CORE Curriculum

The CORE Curriculum provides a pedagogical framework for students to develop their skills in becoming competent, resourceful, global leaders. The curriculum explicitly teaches critical thinking in the humanities and social and natural sciences. The curriculum reinforces respect for diverse viewpoints and ethical values in the academy. Students develop effective problem solving skills for addressing real world problems, and intellectual humility through service learning. Students engage in quantitative and qualitative research in the natural sciences, social sciences and humanities  as they understand the complexities of the human condition.

The goals of the CORE Curriculum are to:

  • Foster and enhance skills, knowledge, awareness, and dispositions that lead to the development of competent, resourceful, and imaginative leaders;
  • Encourage understanding of the social world and natural environment and their relationships to communities
  • Encourage exposure to various creative experiences.
  1. Basics
  2. Objectives

There are eight courses in this curriculum that students will be required to complete.  Students will earn 22 credit hours upon completion of these required courses of the CORE curriculum.  They are:

Course NumberRequired CORE Course NameCredits
CORE 100New Student Orientation1 hr.
CORE 120Critical Thinking course: Application of the Paul/Elder Model2 hrs.
CORE 131 Mathematics or the Appropriate Course as Determined by Major and Mathematics Placement3 hrs.
CORE 150Composition I3 hrs.
CORE 160Composition II3 hrs.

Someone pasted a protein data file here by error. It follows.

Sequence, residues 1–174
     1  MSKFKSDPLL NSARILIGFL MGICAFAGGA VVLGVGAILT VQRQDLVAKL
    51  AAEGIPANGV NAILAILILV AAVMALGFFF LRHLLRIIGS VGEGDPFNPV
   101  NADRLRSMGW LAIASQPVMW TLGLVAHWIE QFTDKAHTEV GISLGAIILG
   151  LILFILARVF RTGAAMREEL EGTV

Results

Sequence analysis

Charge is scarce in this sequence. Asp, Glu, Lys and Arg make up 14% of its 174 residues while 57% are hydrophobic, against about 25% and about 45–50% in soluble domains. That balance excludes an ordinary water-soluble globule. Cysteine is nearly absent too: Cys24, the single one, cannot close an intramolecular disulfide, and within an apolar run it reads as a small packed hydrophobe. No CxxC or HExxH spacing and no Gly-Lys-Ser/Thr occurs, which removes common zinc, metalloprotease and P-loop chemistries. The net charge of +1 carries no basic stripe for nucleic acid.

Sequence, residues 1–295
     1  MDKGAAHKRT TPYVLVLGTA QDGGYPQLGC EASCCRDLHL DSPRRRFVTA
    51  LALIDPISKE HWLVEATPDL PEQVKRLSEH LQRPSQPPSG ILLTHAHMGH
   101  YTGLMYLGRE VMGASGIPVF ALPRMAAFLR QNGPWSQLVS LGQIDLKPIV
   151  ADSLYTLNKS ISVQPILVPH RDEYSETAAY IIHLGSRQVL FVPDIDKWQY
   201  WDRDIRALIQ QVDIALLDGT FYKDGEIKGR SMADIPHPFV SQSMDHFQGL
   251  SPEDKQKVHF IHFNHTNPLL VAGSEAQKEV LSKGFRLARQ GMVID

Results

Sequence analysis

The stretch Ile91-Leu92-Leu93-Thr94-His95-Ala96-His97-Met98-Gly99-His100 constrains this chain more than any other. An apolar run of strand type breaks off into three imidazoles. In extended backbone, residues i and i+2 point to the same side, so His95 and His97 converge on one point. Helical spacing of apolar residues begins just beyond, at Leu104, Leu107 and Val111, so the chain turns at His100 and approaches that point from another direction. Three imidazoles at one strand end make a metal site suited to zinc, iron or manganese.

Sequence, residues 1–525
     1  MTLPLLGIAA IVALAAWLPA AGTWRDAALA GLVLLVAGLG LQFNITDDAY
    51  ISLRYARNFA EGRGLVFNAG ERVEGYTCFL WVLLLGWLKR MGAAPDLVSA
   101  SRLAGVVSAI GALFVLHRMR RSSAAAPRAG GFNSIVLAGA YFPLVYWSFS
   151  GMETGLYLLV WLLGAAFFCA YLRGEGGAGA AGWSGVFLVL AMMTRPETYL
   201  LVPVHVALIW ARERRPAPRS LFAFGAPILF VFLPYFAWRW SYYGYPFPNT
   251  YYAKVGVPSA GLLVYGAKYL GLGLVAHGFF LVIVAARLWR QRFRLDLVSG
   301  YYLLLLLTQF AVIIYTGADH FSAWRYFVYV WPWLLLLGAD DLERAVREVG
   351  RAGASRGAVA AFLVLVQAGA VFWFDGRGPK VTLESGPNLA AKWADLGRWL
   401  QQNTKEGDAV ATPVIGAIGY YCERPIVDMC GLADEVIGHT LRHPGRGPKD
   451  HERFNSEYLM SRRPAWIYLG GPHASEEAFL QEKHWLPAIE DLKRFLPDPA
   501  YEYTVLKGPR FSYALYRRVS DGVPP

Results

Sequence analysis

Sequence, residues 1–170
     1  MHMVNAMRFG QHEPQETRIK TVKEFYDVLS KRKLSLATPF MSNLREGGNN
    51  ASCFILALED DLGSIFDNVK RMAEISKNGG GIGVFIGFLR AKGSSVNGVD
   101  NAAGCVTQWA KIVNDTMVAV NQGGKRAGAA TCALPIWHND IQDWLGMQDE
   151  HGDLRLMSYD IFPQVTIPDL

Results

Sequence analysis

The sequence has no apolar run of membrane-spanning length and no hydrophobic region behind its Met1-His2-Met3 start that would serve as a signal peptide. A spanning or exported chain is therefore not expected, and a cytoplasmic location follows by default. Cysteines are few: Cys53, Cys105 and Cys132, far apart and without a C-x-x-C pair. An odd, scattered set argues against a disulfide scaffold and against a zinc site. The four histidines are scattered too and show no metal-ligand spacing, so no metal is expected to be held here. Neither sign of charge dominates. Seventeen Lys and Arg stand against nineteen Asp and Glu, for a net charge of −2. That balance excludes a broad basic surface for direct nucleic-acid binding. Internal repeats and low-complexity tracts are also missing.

CORE 201 Introduction to Business and Entrepreneurship3 hrs.
CORE 260Humanities3 hrs.
CORE 360 The World and Its People4 hrs.
TOTAL22 cr.

Core Curriculum

The remaining 15-20 hours of the CORE curriculum will be chosen from one of the courses in each of the following groups, A through E.

Group A (Choose one of the following)

Course NumberCourse Name
ART 291African- American Art
ART 292African Art
ENG 275African-American Literature
HIS 180African History
HIS 270African-American History
MUS 200World Music
MUS 206Crosscurrents in African and African-American Music

Group B (Choose one of the following)

Course NumberCourse Name
CORE 132Mathematics II, 3 cr.
BAD 200Applied Calculus for Business and Economics
BAD 260Applied Statistics
MATH 125Discrete Mathematics
NSCI 360Statistics
SSCI 280Statistics for the Social Science Research

Group C (Choose one of the following)

Course NumberCourse Name
CORE 220Creative Arts, 3 cr.
MUS 20720th Century Music
MUS 208History of Jazz
ART 207Arts and Ideas I
ART 208Arts and Ideas II
MUS 205Music in America

Group D (Choose CORE 240 or any two science disciplines from the list below)

Course NumberCourse Name
CORE 240Natural Science, 4 cr., or,
BIOL101, 101LGeneral Biology and General Biology Lab, 4 cr.
CHEM 113, 103L General Chemistry and Experiments in General Chemistry, 4 cr.
PHYS 130,130LUniversity Physics and University Physics Lab, 4 cr.

Group E (Choose one of the following)

Course NumberCourse Name
ECON 230Principles of Microeconomics
ECON 240Principles of Macroeconomics
HIS 160United States History
PSCI 122American Political Systems
PSY 180General Psychology
SOC 100Introduction to Sociology

A total of 36-46 hours are required to fulfill the CORE requirement. Forty-six hours will be earned if one selects two science disciplines to satisfy group D and chooses all 4 credit hour courses.

The objectives of the CORE curriculum are to provide experiences that:

  1. Allow students to read in a  way that leads to critical thinking;
  2. Allow students to communicate effectively, both in writing and orally, reflecting in both instances, a command of the language, logical thinking and comparative analysis, and a facility to locate, identify, and use sources;
  3. Encourage and create a passion for investigation, exploration, and application of knowledge to the social world and natural environment;
  4. Encourage the  development of personal values and ethical decision making;
  5. Encourage students to synthesize and think beyond disciplinary boundaries;
  6. Encourage and promote creativity;
  7. Encourage  logical application  of quantitative and qualitative values;
  8. Encourage engagement in political and social issues that impact global and local communities.

 For more details, students are advised to consult the Undergraduate Bulletin 2012-14, pages 95-103